Begun in 2001 at Case Western Reserve University, the Tibet Oral History and Archive Project in anthropology will be completed with support from a two-year, $150,000 grant from the National Endowment for the Humanities.
In the final and third phase of the project, Melvyn Goldstein, the project's director and the John Reynolds Harkness Professor of Anthropology, has the yeoman's task of editing 35,000-40,000 pages. These oral stories are transcribed from thousands of hours of interviews with nearly 1,000 ordinary rural and urban Tibetans, Buddhist monks and political figures, including the Dalai Lama.
Once finalized, the Tibet Oral History and Archive Project will find a permanent home in the Asian Division of the Library of Congress with online accessibility to one of the most comprehensive histories of everyday life in a changing Tibet from 1945 to the present.
Goldstein estimates that approximately 30 interviews will go online in early 2009 with the others to follow. Visitors to the archive will be able to search by topic and then simultaneously listen to the voices of Tibetans while reading the English translation. Where words might be confusing, a link to a glossary will appear.
"This fills an important gap in the literature about ordinary Tibetan people," said Goldstein. "It is preventing the loss of a critical component of the Tibetan social and historical record? the voices of ordinary Tibetans and an accurate understanding of the diversity of life as it was lived in Tibet and in exile."
The new NEH support is the second grant from the humanities organization, which funded the second phase of the project. Initial support for the project came from a $239,000 grant from the Henry Luce Foundation.
The newest funding will enable Goldstein to enlist the help of T. N. Shelling, a Tibetan refugee living in India who is a trilingual scholar and former aristocratic official in the traditional Tibetan government. Shelling, who understands and speaks many Tibetan dialects as well as Chinese which he learned during his 18 years in prison following the 1959 Tibetan revolt, will assist in translating and editing transcriptions -- a job he is currently doing from Dharamsala, the seat of the Dalai Lama's Government in Exile.
Collectively the interviews provide what Goldstein describes as one of "the most impressive" depictions of how Tibetans' lives changed from the traditional era, through the 1959 uprising, to the new socialist society and then in 1966-76, the Cultural Revolution.
There are over 2,200 hours of taped interviews that were recorded on analogue tapes, and then converted to .wav and MP3 files for listening. The English transcripts of these interviews comprise more than 450 gigabytes of digital data and approximately 35,000-40,000 single-space, reports Goldstein.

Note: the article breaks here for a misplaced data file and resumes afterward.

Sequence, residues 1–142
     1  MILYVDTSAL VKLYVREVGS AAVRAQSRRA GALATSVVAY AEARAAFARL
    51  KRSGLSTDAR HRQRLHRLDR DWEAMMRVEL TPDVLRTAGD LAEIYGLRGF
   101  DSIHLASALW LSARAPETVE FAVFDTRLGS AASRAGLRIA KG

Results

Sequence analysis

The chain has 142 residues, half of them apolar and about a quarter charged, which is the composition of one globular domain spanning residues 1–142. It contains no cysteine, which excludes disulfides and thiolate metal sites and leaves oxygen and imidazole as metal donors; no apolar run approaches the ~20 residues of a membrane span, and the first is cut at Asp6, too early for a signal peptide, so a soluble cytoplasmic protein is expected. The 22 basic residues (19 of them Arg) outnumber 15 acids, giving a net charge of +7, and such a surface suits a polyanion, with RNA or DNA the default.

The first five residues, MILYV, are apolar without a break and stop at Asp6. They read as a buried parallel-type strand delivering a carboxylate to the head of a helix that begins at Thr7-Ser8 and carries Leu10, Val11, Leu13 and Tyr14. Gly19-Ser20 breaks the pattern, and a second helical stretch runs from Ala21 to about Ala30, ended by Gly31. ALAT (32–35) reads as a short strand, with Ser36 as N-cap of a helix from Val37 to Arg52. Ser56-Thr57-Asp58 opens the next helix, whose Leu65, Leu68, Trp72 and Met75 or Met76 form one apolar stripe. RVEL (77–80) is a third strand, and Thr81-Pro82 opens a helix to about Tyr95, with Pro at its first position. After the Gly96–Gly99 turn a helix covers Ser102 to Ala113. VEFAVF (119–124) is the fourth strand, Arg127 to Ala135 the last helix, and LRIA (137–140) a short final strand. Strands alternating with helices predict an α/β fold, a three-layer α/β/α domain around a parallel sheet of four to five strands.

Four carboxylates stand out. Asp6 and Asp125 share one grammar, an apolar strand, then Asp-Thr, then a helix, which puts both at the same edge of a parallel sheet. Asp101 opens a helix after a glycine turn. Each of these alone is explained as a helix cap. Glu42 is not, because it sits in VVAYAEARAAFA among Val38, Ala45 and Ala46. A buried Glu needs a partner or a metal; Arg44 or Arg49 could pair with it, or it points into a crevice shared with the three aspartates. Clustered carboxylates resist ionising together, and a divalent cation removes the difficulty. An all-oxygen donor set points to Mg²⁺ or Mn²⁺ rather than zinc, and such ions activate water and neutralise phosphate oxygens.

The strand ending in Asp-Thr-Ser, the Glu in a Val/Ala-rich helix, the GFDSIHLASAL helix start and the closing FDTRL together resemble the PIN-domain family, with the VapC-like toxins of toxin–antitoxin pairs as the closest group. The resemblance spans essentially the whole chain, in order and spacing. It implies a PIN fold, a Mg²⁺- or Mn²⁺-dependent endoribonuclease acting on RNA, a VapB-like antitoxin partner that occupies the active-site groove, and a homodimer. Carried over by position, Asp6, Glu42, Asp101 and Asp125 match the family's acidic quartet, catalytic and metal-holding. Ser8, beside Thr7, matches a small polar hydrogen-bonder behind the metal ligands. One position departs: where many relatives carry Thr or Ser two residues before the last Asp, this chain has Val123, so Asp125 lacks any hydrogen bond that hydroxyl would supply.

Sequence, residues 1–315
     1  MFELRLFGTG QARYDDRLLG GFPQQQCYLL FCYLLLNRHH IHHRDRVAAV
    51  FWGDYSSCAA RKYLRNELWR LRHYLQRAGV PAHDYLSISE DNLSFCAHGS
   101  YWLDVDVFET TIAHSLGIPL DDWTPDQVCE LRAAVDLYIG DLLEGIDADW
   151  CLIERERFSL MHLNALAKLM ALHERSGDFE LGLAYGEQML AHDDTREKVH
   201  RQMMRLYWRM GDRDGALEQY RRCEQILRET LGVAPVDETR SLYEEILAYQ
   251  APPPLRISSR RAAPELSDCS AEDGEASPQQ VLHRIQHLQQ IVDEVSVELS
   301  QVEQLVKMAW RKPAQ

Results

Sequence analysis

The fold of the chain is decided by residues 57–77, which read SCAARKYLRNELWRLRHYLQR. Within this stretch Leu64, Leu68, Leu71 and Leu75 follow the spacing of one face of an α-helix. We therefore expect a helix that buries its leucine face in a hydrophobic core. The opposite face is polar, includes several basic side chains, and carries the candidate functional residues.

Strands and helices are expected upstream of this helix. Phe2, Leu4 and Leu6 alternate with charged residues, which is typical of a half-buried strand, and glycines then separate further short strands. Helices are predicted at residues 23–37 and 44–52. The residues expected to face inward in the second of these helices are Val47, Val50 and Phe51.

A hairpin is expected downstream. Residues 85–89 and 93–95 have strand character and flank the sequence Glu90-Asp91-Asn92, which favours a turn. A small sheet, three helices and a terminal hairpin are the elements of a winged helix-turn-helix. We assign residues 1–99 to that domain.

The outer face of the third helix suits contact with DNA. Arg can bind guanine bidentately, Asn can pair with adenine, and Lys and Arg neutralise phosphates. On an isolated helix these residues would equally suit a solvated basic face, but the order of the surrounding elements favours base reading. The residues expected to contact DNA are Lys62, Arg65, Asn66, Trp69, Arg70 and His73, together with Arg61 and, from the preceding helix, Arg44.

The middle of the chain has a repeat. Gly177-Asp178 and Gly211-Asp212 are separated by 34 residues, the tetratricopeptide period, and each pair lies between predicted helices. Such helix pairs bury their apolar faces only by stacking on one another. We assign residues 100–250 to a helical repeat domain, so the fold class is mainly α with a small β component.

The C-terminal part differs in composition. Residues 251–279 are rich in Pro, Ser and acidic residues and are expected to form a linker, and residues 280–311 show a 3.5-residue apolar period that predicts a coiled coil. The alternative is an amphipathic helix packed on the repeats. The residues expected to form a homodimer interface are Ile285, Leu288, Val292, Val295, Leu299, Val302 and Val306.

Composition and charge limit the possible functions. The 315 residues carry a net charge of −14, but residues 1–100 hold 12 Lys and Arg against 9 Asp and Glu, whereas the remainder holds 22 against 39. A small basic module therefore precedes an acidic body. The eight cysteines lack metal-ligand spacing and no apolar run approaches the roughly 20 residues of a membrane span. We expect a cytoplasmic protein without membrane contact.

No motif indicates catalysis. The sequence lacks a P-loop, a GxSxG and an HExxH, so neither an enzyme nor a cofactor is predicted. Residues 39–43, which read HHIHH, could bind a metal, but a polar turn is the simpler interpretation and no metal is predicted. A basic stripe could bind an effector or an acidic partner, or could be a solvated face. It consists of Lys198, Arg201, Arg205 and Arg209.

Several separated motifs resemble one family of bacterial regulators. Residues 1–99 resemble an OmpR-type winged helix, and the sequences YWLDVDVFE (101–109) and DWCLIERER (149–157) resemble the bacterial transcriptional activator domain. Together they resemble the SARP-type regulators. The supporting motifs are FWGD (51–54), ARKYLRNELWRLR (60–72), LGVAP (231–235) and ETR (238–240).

All materials associated with the archives will be maintained by the Library of Congress. In addition to the oral histories, Goldstein has a number of rare Tibetan documents that will be translated and supplement the collection.
After much consideration, Goldstein said he made the decision to donate the set to the Library of Congress because of its vast collection of Tibetan materials and also its technological and financial resources to maintain this large database in perpetuity, modifying the IT programs as technologies inevitably change over time.
The anthropologist has conducted research on Tibet in his scholarly work and has published in such outlets as dictionaries, histories, biographies and research journal articles, to white papers and magazine articles like those for National Geographic and Natural History magazines.
But, Goldstein says, the Tibet Oral History Archive stands out as unique. "There has been an urgency to this undertaking as time is literally running out to conduct such research," Goldstein said. The number of individuals still living to tell their histories is dwindling in a country where few individuals live beyond their 70s. Many of the people interviewed about the earlier years would have been about 20 years old when China took over the country in 1950.
Without the archive, Goldstein said, "In 20 years, much of this history would have been lost or forgotten to the world."
"This project is preventing the loss of a critical component of the Tibetan social and historical record—the voices of ordinary Tibetans and an accurate understanding of the diversity of life as it was lived in Tibet and in exile," he added.
Professor Goldstein conducting an oral history interview with H.H. the Dalai Lama, in Dharamsala, India, 2004.
In the mid-1980s, Goldstein and fellow Case Western Reserve anthropologist Cynthia Beall, who studies high altitude adaptation, were the first investigators to receive permission from China to do field work in Tibet through the National Science Academy's Committee for Scholarly Communications with the People's Republic of China. Goldstein forged an affiliation between Case's Center for Research on Tibet and the Tibetan Academy of Social Sciences for research and training Tibetan graduate students in the anthropology department.
In addition to the archives, the oral histories will yield a number of books that Goldstein plans to write based on information gathered. Among those is a Studs Terkel-like glimpse into Tibetan life where Goldstein will pick several oral histories representative of the people. He also plans to write about Tibetan monks from the monastery's poorest servant members to the rich and wealthy monks. The University of California Press will publish one book coming from the archive materials called On the Cultural Revolution in Tibet: The Nyemo Incident of 1969 by Goldstein, Ben Jiao and Tazen Lhundrup later this year, and his 2007 book, A History of Tibet, Volume 2. The Calm before the Storm. (U of California Press) made extensive used of the interviews.
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